My daughter was born at home. I had planned it all down to every detail. I was going to be a warrior-birthing-mom, doing it on my own terms in my own way. I had the birth tub ready, the towels stacked, snacks in
the fridge. My doula and midwife and her apprentice were a phone call away. I had taken birthing classes focusing on both the physical and spiritual aspects of birth. I had music planned, and perfectly dim lighting. I was ready.
The night was warm and beautiful. And the experience was pretty much exactly as I wanted it. In the presence of my birth team I laughed and screamed and pushed and cried. And at 3:29 am after only eight hours of labor, this perfect little being popped out.
"I did it", I thought. I wanted to celebrate! To call my friends! To revel in the hormonal surge that had me cresting on waves of ebullience! And then I wanted to sit and drink coffee and tell my friends all about it before running to my favorite Thai restaurant for a quick bite.
This was when I realized that the awesome-warrior-birthing-woman I had envisioned had done her job, but now there was someone else in the room. A mother. With a big, big job to do. For the rest of her life. With this tiny, fragile creature whom I had never seen before.
I had worked so hard to prepare for the birth, I had pushed aside the details that came next. Like - babies don't really sleep. And my life is no longer my life. I am now at the beck and call of a tiny, pooping creature who communicates through some kind of cryptic - and very loud - language.
I'm not going to lie: the first few years were hard for me. I was a single mother by choice, so it was up to me to do, well, everything. I had worked for years for my baby to join me, and it was not a decision I had taken lightly. But I was so tired. Even with my community and dear friends, and I thank my lucky stars for that, I really struggled to reconcile the woman I had been and this new life I was thrown into.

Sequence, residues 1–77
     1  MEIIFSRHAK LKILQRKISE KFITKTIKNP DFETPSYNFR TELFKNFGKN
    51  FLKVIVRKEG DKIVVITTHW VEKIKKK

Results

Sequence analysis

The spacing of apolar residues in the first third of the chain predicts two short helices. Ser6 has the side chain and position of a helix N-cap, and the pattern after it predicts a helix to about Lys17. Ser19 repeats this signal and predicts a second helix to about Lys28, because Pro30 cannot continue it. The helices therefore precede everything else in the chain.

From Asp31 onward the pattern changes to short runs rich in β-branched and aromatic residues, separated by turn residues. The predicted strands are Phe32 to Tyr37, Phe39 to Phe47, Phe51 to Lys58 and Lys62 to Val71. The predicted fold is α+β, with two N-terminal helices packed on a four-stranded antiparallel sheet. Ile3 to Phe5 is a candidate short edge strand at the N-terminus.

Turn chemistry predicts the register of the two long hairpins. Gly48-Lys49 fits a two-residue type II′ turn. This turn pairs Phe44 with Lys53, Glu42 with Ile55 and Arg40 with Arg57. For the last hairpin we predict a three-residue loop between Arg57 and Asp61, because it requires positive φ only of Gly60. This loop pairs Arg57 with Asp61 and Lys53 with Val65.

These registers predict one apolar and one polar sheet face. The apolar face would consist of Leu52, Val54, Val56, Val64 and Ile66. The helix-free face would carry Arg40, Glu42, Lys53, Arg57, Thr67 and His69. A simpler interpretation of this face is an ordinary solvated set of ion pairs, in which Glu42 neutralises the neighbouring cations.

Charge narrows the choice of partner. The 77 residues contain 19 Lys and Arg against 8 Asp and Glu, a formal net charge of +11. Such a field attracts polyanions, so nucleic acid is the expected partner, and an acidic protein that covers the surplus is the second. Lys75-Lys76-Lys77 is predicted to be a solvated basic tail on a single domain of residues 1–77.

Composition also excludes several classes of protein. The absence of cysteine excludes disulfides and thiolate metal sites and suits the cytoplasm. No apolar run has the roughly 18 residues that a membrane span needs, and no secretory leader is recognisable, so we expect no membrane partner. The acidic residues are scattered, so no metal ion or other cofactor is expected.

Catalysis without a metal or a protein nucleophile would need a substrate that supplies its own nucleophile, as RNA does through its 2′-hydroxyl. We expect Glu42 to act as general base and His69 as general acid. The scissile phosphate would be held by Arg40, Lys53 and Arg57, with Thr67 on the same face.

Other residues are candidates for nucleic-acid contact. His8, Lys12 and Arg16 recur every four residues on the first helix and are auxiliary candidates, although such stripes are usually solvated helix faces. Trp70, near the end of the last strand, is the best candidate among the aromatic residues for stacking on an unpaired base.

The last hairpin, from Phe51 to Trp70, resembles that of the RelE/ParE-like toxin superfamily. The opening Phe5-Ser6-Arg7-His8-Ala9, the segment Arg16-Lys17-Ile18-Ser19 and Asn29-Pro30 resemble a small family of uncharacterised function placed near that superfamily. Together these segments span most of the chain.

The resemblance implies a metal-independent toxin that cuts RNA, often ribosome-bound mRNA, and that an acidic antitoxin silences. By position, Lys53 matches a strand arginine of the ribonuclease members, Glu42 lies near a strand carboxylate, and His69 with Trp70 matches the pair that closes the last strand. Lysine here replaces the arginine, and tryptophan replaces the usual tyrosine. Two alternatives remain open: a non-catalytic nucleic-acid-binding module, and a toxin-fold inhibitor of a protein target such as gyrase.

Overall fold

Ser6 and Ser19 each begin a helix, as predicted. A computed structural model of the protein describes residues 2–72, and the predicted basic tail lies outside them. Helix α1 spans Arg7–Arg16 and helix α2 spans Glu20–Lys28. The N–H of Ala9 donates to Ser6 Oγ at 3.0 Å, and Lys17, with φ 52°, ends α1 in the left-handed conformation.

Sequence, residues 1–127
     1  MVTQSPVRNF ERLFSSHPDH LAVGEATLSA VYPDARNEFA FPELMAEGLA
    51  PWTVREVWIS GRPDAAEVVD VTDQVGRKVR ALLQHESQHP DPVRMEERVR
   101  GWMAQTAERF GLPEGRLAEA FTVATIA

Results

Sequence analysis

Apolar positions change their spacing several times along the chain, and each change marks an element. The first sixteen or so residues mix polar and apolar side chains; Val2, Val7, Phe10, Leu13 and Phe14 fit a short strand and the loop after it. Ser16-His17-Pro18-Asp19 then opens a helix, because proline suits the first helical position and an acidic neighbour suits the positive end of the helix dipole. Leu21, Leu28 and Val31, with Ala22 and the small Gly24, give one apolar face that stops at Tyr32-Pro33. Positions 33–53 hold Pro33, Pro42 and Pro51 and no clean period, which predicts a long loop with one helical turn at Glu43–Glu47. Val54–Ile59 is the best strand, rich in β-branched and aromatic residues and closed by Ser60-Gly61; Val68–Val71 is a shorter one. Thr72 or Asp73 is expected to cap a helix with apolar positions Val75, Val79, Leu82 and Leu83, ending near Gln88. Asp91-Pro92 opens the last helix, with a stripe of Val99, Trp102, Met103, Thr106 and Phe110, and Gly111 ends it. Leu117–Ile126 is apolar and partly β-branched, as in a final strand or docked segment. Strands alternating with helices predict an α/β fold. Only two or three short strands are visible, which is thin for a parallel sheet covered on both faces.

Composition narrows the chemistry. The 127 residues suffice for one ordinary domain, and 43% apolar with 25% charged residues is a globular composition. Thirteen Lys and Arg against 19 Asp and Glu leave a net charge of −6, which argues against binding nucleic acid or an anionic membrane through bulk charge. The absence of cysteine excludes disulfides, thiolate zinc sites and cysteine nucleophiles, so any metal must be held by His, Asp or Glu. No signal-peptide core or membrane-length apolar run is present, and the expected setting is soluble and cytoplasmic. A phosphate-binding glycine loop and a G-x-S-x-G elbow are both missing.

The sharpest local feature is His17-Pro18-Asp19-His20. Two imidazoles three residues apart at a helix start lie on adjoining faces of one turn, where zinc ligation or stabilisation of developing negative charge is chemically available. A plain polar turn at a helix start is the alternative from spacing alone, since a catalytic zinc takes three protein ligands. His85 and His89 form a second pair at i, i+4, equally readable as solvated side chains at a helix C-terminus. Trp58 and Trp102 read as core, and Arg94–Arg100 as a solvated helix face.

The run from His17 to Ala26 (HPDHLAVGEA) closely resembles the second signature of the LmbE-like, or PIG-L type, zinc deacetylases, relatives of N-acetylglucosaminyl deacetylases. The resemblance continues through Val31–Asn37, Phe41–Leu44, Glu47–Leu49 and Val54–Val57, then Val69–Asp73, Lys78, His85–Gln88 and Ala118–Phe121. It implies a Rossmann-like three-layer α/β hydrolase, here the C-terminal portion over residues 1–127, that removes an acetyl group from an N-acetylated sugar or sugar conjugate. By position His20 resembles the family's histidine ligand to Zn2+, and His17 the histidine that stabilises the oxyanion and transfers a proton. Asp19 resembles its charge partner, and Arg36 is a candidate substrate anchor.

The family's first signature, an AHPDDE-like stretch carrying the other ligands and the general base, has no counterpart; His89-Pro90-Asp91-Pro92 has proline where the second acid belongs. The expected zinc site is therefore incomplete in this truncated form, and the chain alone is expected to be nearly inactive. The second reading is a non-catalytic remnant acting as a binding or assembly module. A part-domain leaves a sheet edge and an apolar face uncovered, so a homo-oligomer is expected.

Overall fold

When my kiddo was a few months old, I started to work again. One of the early things I did was to create my Visioning Mama series, where new mamas came together to talk, support, and make process art, exploring their new identities. I led the group, yes, but I was also an active member. And honestly, this group that I planned for others, saved me.
We came together every Wednesday evening. We threw ourselves into each week's creative process, unsure of what would emerge, but trusting that what came up would guide and teach us something about who we were and who we were becoming.
We created a space where all feelings were allowed. We talked about the sides of motherhood that were overwhelmingly hard. We let down the veneers of beaming, perfectly joyful mothers that others expected of us. We drew, played with clay, made collages, and witnessed one another as we navigated the fears, anger, sadness, and yes, joy, that came up as we created.
Everything was welcome, everything was acknowledged. And through our weeks together, through the creative work and the community we built, we became women again. Women who were mothers, yes, but also teachers, and lovers, and explorers, and friends.
Motherhood is absolutely wonderful. And it is achingly hard. We need spaces to acknowledge and explore both of those realities. When you become a mama, everything changes, both in ways you expect, and in ways that knock the breath right out of you. And all of that is ok. But if we keep the hard parts locked inside, we lose the chance to become the whole women we are.
I'm so grateful to the women who came on that journey with me all those years ago.
And I encourage all of the mothers out there, new or experienced, to find a tribe. Find a community to explore who you are and allow all parts of yourself to exist. Everything you feel is valid and is part of this next phase of selfhood you are in. I promise that moving through this with intention will serve you well.
If you want a gentle start to exploring yourself through the lens of motherhood, I am offering a Creative Mama online workshop on April 23, and I'd love to welcome you to it. You can read more about it HERE.
I also love to work one-on-one with mothers looking to unfold more of their identities. Please reach out if you would like to explore what that might look like for you. You can email me at firstname.lastname@example.org.